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I have no practical use for a battle rifle in the civilian world, but I prefer the M1 Garand. It's just fun to shoot. And for an individual rifleman who is not operating as part of a fire team, it is just as practical as any of the other guns mentioned.

For modern combat here in the Middle East, I would not select any .30-caliber semiauto.
 

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You can trace the lineage of probably all of our rifles to a "battle" rifle. Even your bolt action. Nearly all started life as a military design. Most pistols too.
 

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Of the three mentioned, I enjoyed shooting the H&K G3 the most. But as a military rifle...I don't know...which one is more reliable?
 
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red-rider said:
You can trace the lineage of probably all of our rifles to a "battle" rifle. Even your bolt action. Nearly all started life as a military design. Most pistols too.
Just for the record, at least in modern parlance, a "battle rifle" or "main battle rifle" is usually defined as a semiauto (possibly with an auto option) that fires a full-power rifle cartridge, such as 7.62X51/.308, .30-06, 8mm Mauser, etc.

While the '03 Springfield, '98 Mauser, Trapdoor Springfield, the Kentucky and the Brown Bess have all been used in battle, I don't think that's exactly what he meant. :mrgreen:
 
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Calling an AR15 a "battle rifle" is a pretty loose definition. While the AR's non-neutered equivalent, the M16 series, is obviously used in battle very frequently, it doesn't really fall under the generally accepted definition of "battle rifle" since it doesn't fire a full-power rifle cartridge. Rather, it fires a reduced-power cartridge.

Without an auto switch, the AR can't even be properly called an "assault rifle." It's really just a simple carbine - a short rifle of reduced power - rather than a battle rifle or an MBR.
 
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Mosin Nagant for me, or the K98, I am assuming that falls under the battle rifle definition. I hadnt fully thought of the difference between assault rifle and battle rifle, the only other rifles you listed that I have shot are the FN FAL, and that rifle was amazingly accurate for me.
 
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Gunny the Gun said:
Dobey said:
Mosin Nagant for me, or the K98.
Old school :) , you might have a slight disadvantage compared to modern times :(
Actually, for an individual rifleman operating alone, I don't think a bolt gun is much of a disadvantage at all. Though I'd prefer one lighter than a Mosin or a '98.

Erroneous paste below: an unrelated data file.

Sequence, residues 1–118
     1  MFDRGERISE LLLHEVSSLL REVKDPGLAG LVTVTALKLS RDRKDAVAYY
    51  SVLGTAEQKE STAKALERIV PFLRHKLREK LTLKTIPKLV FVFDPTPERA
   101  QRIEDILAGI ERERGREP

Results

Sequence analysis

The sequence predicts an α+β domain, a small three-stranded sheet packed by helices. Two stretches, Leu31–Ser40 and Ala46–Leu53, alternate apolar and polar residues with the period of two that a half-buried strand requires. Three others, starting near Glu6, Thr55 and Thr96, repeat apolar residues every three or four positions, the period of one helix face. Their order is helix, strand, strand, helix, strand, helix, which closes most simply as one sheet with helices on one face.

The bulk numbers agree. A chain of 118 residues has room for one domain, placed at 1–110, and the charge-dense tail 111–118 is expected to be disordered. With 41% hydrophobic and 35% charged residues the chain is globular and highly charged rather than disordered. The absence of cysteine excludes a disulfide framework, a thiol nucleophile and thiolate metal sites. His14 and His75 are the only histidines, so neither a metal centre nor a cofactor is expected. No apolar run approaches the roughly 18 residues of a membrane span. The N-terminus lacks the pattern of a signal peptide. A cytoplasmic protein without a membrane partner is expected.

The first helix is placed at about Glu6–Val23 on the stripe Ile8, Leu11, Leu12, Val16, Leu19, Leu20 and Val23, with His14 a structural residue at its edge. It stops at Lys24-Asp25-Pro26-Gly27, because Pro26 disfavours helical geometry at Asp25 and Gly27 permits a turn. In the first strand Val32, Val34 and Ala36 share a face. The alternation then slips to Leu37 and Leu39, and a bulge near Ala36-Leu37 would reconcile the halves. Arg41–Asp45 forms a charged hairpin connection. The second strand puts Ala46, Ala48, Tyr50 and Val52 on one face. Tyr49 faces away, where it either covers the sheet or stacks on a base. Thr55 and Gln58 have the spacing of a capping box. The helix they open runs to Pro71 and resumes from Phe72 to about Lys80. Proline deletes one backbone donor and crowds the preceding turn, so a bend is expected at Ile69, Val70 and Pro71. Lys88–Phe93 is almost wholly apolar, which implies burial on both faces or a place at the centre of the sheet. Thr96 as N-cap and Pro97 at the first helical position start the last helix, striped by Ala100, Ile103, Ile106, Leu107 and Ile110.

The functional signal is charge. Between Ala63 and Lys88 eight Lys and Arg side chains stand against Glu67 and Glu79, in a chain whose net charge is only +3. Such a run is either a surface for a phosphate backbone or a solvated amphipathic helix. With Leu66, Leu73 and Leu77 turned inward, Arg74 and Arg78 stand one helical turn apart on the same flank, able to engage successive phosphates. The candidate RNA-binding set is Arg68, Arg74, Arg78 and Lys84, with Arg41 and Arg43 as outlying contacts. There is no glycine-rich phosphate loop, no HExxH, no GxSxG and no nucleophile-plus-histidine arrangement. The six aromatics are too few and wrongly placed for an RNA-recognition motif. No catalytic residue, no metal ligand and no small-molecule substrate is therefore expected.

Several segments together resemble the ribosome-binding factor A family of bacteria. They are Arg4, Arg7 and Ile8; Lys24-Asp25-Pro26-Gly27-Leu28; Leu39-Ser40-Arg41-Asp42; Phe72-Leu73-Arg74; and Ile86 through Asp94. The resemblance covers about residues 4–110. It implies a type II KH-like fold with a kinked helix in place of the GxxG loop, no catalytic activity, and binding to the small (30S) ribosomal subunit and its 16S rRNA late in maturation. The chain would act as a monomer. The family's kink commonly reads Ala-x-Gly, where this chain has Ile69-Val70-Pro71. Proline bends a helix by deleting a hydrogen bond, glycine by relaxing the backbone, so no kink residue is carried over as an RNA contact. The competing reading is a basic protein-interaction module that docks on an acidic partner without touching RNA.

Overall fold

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Dethlokk said:
Only if you're trained with one.
Is there a gun that doesn't require training to use properly?

An individual rifleman, who is not part of a fire team, must shoot very accurately from cover/concealment if he is to prevail against (or even simply harass) a numerically superior force. He must not fire long strings of shots or he will be located and quickly destroyed by the superior force, which can maneuver on him. Thus, the individual rifleman must fire single, sniper-type shots rather than long barrages.

A semiauto with a detachable magazine is of no more use to such a rifleman than a bolt gun. And a bolt gun can be made lighter, is sometimes less expensive and, as you note, often more accurate. It is also useful as a sport hunting rifle, whereas the weight of the semiautos mitigates against them in that role.
 
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leeindy said:
Mike Barham said:
Dethlokk said:
Only if you're trained with one.
Is there a gun that doesn't require training to use properly?
ak47
Heh heh, only if you believe what you read on the internet!

I can tell you for a fact that non-shooters, like the Afghan National Army guys we train over here, definitely need instruction on the AK.
 
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HK G3 is the most rugged and durable. Good accuracy and horrible triggers. Clunky and bad ergonomics but a very tough rifle. Slow reload and it does not hold open on last round. Roller bolt is difficult to operate sometimes. Easy to accessorize and it was one of the first modular weapon systems. $1800 to $3000 depending on condition.